By Dwight Sipler from Stow, MA, USA - LettuceUploaded by Jacopo Werther, CC BY 2.0, https://commons.wikimedia.org/w/index.php?curid=25220994


Formula patent

Doesn’t destroy trade secret

Rules Court of Appeal

The California Court of Appeal has held that disclosing a formula in a patent doesn’t destroy the formula’s trade secret status as long as the patent doesn’t disclose the process for how the trade secret is applied.

Global Protein Products is a coating company that claims as a trade secret a formula and process for treating iceberg lettuce to prolong its shelf life.

Le, a scientist, was employed by Global and learned the formula for the product subject to a confidentiality agreement. Le left Global and started a competing company, trying to sell to Global’s customers.

Global sued Le for trade secret misappropriation, breach of contract, and unfair competition. The trial court granted a permanent injunction against Le’s activities using the secret.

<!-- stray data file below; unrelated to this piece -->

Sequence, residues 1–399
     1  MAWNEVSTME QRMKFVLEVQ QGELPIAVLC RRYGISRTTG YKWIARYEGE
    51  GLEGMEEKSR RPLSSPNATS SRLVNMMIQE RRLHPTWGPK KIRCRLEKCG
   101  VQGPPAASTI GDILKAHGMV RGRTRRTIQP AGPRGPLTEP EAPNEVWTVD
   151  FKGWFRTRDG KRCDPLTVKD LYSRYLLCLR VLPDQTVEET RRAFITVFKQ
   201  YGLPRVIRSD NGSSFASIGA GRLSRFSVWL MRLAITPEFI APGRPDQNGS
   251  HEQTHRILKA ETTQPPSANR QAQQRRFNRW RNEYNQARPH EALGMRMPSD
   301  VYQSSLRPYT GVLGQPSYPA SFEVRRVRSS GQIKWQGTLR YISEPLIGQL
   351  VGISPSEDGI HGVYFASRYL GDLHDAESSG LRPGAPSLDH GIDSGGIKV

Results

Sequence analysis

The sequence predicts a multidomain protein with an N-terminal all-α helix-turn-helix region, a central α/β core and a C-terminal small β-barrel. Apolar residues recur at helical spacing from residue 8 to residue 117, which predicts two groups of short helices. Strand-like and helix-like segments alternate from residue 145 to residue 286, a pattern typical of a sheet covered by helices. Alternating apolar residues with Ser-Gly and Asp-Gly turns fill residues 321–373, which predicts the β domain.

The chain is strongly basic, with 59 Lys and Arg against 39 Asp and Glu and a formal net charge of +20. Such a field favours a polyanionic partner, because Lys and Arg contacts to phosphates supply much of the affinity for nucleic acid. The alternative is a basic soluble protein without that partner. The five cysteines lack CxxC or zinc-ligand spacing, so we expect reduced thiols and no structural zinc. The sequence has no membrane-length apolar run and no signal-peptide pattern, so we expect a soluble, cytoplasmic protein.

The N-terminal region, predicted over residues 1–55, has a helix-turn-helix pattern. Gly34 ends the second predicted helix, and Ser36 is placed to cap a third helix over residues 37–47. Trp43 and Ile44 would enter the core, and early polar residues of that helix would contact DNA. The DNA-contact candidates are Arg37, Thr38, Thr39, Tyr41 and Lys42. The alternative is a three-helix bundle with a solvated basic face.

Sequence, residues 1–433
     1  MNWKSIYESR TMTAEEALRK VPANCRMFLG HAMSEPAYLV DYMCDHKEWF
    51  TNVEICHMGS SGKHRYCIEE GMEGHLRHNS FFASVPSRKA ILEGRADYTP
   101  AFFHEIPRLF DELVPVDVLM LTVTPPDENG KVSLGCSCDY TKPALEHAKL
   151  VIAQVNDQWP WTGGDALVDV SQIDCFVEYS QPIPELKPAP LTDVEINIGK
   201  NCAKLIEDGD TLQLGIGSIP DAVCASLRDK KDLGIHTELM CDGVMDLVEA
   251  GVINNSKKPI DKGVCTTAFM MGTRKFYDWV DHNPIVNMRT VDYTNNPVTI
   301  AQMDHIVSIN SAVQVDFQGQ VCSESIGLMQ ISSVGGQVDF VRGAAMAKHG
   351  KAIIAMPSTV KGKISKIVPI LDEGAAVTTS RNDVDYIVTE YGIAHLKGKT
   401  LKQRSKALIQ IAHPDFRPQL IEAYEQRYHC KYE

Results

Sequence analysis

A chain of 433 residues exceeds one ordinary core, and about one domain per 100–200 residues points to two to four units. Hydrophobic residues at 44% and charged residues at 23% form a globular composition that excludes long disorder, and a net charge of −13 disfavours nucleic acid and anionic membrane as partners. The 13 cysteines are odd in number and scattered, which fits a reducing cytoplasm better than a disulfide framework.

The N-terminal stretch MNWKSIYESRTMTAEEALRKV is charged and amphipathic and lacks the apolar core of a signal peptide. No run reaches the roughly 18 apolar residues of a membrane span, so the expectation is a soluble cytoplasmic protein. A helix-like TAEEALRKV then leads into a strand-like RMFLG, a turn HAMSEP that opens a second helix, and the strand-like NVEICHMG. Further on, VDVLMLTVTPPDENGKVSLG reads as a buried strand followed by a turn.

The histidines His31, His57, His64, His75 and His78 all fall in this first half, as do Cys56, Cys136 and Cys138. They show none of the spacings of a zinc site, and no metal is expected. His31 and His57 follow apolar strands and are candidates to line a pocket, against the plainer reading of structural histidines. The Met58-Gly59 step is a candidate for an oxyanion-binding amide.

Le appealed, claiming that because Global had acquired a pre-existing patent for the formula, the alleged “secret” was in the public domain.

The acquired patent was for “a process and formula for making a zein film in pure water.”

The court agreed that, in general, “publication of a trade secret destroys it.”

However, in this case the “trade secret was not limited to the identity of the components used; the trade secret encompassed the proprietary formula and the process for treating lettuce.” (Emphasis added.)

As the court noted, Global’s head scientist discovered that a particular organic acid, if used with the patented process and formula, could extend the shelf life of lettuce for seven days. Global never disclosed the identity of the organic acid, and didn’t patent the combination of the organic acid with the acquired patent. Instead, Global treated the organic acid, used in conjunction with the patent, as a trade secret.

One important thing to note about the case: the patent involved was issued in 1997 and has subsequently expired. Trade secrets, unlike patents, have no automatic expiration dates and can continue to protect proprietary information indefinitely.

Inventors often need to make strategic decisions about whether to protect their intellectual property using patents, trade secret law, or (as in this case) both.

The case is Global Protein Products, Inc. v. Le.

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